Corona policy: The time for emergency solutions in universities must end

DrThe university scene is – again – in Corona mode. After the winter term got off to a promising start in October with low case numbers and a relatively high vaccination rate among students, we students are sitting alone in front of our laptop for the third semester in a row rather than in the lecture hall following our fellow students. Most of the lecturers moved their seminars and lectures to distance learning, and some had planned the entire classroom digitally from the start anyway. Few of them hold their courses in person.

Students, it became clear again after the federal state meeting at the beginning of January, they fell “behind” in the planning of Corona. In the January 7, 2022 decision, universities are not even mentioned. Universities are still not given any criteria by which a decision can be made about whether or not to teach in the classroom.

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Bundestag and compulsory vaccination

In many federal states, the decision on attendance or distance has been passed from one level to another, from science ministries to universities, from universities to departments, and from departments to individual lecturers.

Nobody, it seems, really wants to take responsibility. Science ministers are essentially ensuring that Corona regulations continue to allow classroom teaching. At the same time, they do not want to set a clear path. Therefore, the decision-making responsibility rests with the universities. Those, in turn, tend to take the cautious route.

In this case, the university bureaucracy is trying to act with the best of its knowledge and faith in order to get out of the crisis chapter relatively unscathed. This does not always work. For example, the introduction of the 2G rule at some university sites at the end of last year has led to extensive discussions about whether it is justified to exclude unvaccinated people from their right to education. Especially in light of the advanced concepts of hygiene.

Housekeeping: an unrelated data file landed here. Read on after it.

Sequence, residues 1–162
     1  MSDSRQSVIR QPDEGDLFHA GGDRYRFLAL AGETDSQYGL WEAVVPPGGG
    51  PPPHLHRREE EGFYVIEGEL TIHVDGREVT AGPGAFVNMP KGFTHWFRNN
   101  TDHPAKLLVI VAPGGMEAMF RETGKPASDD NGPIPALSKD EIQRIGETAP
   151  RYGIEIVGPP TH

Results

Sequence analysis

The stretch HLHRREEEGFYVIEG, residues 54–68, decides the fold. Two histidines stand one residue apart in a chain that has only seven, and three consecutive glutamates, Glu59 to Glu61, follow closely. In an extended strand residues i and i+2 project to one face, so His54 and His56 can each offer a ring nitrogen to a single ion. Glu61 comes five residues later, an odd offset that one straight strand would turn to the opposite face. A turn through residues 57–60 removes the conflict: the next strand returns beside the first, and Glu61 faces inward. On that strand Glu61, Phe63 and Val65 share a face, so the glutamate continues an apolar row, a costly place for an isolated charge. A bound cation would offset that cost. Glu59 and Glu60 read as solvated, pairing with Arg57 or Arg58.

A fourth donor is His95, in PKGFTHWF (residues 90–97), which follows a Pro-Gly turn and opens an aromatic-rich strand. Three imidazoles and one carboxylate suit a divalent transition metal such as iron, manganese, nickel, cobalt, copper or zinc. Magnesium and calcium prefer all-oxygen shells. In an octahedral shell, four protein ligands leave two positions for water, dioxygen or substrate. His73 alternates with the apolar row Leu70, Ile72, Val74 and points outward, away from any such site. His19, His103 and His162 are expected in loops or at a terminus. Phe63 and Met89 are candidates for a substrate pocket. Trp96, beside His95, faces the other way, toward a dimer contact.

‘Hybrid’ teaching is not a panacea

The pandemic situation also poses a challenge to professors and lecturers. Some are still eager to experiment with new digital teaching concepts, and others haven’t made friends with online formats to this day. And “blended” teaching, where each student can decide for themselves whether they want to participate in person or just in front of their laptop, is not a panacea for this epidemic.

Try to get microphone and video functions to work with the technical equipment of a German university, to transmit a Power Point presentation to the screen and to a Zoom meeting at the same time and to answer questions from 80 students in the lecture hall and 170 students in the video meeting.

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Everything is different since the outbreak of Corona

“Asynchronous” teaching as an aggravation of self-study—the lecturer provides videos and PowerPoint presentations at the beginning of the semester, and the online exam is written at the end of the semester—is daunting. If you have a question, you should send it to the lecturer by e-mail. Observing students may wonder why the uploaded material matches the last semester.